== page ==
If Politicians can’t do the paperwork

Colin Jackson Current News, Reader's Views

WITH BOTH co-deputy leaders of The Greens now out of the Senate due to a paperwork oversight, what hope is there for the rest of us caught-up in green tape, red tape, tax tape and all the other bureaucratic tapes legislated by politicians? Over the last few months, the paper and electronic mail has piled-up as we clean-up after Cyclone Debbie and still get-on with all those winter jobs kept for when the weather is a bit cooler. And that’s led to another blizzard of paper and electronic reminders. Struth, you’d think we had 38-and-a-quarter spare hours a week to fill in paperwork — only if you are a bureaucrat and that’s your full-time, well-paid and handsomely-superannuated job. I always liked a great uncle who paid his bills twice a year — a few weeks before Christmas when in town for Christmas shopping, and during the Winter Racing Carnival when he visited Brisbane to see the accountant and the gee-gees. Depending on the year past, the accountant’s advice and his parsimonious flutters, the mid-year cheques would be dated June 30 or July 1. And if you didn’t like that, well he was about a 1000kms of mostly dirt road from …

Biosecurity can’t be politically correct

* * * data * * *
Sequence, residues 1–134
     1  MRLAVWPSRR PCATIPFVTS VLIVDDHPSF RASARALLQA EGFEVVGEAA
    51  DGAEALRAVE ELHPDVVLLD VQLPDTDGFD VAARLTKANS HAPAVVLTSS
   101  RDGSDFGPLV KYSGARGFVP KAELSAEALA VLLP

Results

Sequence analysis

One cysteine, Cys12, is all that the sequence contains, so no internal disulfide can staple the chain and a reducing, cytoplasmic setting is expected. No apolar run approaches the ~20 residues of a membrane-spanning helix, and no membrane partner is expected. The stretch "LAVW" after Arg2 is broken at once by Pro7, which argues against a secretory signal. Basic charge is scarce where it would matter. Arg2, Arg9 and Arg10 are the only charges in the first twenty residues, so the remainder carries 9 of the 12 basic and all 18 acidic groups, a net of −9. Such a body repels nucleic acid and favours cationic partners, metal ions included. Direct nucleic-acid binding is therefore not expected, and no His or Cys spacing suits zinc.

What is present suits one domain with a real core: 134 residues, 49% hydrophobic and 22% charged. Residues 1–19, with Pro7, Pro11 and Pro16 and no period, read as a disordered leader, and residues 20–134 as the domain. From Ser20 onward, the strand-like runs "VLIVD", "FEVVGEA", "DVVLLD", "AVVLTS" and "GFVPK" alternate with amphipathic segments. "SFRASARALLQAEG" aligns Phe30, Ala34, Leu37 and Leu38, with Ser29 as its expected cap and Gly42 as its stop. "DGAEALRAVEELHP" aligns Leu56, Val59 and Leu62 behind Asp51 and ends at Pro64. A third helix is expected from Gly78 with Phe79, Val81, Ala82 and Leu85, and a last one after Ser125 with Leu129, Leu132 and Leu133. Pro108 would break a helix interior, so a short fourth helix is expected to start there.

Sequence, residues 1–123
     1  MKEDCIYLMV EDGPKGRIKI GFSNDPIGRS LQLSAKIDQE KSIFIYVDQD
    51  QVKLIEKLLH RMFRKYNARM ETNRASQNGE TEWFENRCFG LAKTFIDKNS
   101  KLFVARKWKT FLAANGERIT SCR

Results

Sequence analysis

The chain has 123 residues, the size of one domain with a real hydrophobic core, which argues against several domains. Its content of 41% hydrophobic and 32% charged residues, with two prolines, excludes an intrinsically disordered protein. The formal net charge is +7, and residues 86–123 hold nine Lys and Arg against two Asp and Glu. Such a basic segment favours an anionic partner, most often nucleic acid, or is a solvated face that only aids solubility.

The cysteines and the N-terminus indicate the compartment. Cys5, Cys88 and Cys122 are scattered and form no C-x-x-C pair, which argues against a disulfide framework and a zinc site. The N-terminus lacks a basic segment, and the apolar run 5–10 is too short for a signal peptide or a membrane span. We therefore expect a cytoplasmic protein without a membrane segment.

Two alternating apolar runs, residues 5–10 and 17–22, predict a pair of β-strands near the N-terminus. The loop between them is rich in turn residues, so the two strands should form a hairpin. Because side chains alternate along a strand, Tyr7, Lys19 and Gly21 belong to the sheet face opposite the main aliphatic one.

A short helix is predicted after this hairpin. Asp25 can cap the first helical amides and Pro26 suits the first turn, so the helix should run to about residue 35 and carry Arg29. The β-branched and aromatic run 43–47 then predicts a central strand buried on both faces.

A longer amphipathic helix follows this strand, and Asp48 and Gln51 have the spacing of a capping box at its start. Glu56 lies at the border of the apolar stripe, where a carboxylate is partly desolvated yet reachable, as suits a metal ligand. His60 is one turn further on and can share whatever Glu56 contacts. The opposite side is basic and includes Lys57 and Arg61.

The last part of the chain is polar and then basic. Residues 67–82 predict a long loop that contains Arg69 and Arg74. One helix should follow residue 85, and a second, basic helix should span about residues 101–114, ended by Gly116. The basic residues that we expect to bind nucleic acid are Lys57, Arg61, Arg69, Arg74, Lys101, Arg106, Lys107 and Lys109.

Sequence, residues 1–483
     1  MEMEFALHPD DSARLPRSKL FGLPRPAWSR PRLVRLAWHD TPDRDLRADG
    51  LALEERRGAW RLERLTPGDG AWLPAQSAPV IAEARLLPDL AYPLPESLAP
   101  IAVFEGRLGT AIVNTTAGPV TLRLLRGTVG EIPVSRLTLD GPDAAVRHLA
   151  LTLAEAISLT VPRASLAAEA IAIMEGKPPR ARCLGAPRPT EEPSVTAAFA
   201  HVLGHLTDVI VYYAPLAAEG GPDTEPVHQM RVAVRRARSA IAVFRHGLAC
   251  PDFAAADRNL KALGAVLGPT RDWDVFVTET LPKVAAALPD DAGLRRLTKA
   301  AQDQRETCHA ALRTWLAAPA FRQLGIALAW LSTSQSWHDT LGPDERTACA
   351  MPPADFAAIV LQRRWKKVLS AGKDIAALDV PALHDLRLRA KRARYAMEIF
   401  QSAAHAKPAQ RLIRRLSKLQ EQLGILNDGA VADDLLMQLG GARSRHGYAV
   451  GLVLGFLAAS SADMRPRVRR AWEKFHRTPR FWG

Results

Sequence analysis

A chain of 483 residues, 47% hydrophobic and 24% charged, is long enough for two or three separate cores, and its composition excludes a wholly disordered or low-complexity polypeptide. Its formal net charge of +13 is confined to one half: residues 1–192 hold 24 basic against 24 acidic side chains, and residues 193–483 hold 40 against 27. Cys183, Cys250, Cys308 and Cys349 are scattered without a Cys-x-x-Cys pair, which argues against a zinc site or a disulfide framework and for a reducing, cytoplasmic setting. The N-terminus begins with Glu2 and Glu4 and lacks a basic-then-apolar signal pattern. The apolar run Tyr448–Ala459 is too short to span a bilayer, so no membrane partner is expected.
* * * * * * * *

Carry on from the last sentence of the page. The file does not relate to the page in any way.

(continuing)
Colin Jackson Bush Chat, Reader's Views

THE SPREAD of fire ants to Beerwah on the Sunshine Coast highlights problems in biosecurity and urban sprawl into rural areas. We were involved in the first fire ant outbreak in Australia, which started from the devastating and destructive ant being imported in pots in a container from Mexico, then crawling across to our property. For a start, we were then, and still, struggle to understand why a shipping container from Mexico to Brisbane would not have been inspected by Australian Customs. For a start, Mexico was then part of the drug trail from Columbia (and a Mexican drug lord had just been caught in Melbourne), and it had a large number of suspected agricultural diseases, from foot and mouth to banana and sugar cane diseases and problematical pests and insects, including fire ants. Surely a container marked as having garden pots coming from a rural area of Mexico should have been inspected. Surely every Customs minister from 2001 until the current Peter Dutton should be instructing Customs that border security is not just an election slogan, but requires real work of opening and checking ALL suspect containers, even if that pings-off importers. Then once the ants were detected, not …

Who’ll feed eight billion

Colin Jackson Bush Chat, Reader's Views